21 February, 2010

Another Sad Thing

Just a short one this time. Our current main pool pump motor gave up the ghost. Dang it. I had hoped that after rebuilding it, that it would continue running till its replacement arrived. That isn't to be. The new pump motor won't arrive till sometime around the end of March.

It's abrupt end occurred the day after we had a rather large wildfire. The fire was over on the Ranchito side of the road, normally not much of a problem for us as the prevailing winds are from the east. Guess what? Not that day. Right out of the west. The fire was started by someone in Ranchito who was apparently just burning some trash and the wind picked up and ... Well, you know.

Anyway, it was just like a cane fire - huge amounts of long, stringy, slightly oily ash. I bet you can't guess where it all went... That's right. Smack-dab into our pool. We had the solar cover on, so that was a help. The day after the fire, Denis, our neighbor across the street, helped me roll up and hose off the cover, to keep even more of the ash from going into the pool.

Denis had come over to watch and learn how to vacuum the pool, having never had experience with pool maintenance before. So, the first thing was to limit what we needed to vacuum by cleaning the cover, which we did quite nicely. Rolled it up and got it out of the way. Then we went to get the vacuum hose and head (the vacuum's business end).

On the way over to the pump house, I realized we were not hearing the pump motor running. Uh oh. Not a good sign. Since the bearings started going, hearing the pump motor was not much of a problem. It wasn't so much irritating as just being louder than it should have been.

I opened up the pump-house door, and flipped the switch on the pump a couple of times - nothing. So, there we are. No more vacuuming the pool till the new motor arrives. At least the waterfall pump motor is still working. Of course, they're not interchangeable. That ended Denis' pool maintenance lesson for the day. We declared victory, retired and had a beer instead.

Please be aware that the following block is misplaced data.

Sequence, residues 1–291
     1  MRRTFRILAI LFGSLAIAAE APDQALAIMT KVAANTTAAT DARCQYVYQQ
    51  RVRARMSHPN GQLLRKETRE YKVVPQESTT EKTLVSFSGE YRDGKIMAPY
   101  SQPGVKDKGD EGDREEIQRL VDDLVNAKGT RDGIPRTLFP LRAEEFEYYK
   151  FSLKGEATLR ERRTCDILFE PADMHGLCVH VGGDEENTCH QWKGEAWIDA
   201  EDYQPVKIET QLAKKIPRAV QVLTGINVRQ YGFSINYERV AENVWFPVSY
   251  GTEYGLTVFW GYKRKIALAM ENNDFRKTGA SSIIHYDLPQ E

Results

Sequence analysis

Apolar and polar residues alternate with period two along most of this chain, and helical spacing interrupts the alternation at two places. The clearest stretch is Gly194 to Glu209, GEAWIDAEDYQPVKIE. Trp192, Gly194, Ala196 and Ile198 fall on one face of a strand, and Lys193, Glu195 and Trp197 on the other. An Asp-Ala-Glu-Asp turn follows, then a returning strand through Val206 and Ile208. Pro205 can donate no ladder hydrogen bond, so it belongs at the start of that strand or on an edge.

The waterfall pump has had a problem of seizing up every now and then since we got it. Yesterday was no different. So, since I had become proficient at opening up the main pump, I thought that I was qualified to tackle this one.

I disconnected the pump and hauled it into my 'basement' workshop. It had always had a slight leak since we had it installed, but wasn't enough to really get upset (read do something) about it. As I was hauling it into the workshop, I used the PVC fittings as a convenient handle to carry it. I noticed that, as I was carrying it, the inlet fitting was wiggling just very slightly as I carried it.

After placing the pump on the workbench, I used my pipe wrench to gently loosen the fitting. Oops! It almost immediately snapped off right even with the pump, leaving all the threaded parts in the pump body. Crap! How'm I going to get that out of there without goobering up the pump itself?

So, I went ahead with dismantling the pump, which went smoothly. I found the impeller, connected to the motor, was slightly stuck. My guess is, the bearings in this unit will probably go south one of these days. Freeing it up was easy. Just a slight turn of the impeller and viola!, it was spinning freely.

Then, I tackled getting the threaded PVC fitting bit out of the pump. I took a very sharp wood chisel and my rubber mallet, and being careful not to nick the chisel by contacting the metal threads of the pump, began to dislodge the PVC stuff from the pump.

It went pretty smooth, for the most part. There were a couple bits that fell down into the pump as I was dislodging the PVC. I thought, not a problem. I'll just hose out the pump when I'm done and blow out the bits. Mostly, that's what happened. There were about three odd-shaped and fairly large pieces that got themselves wedged in the pump - of course.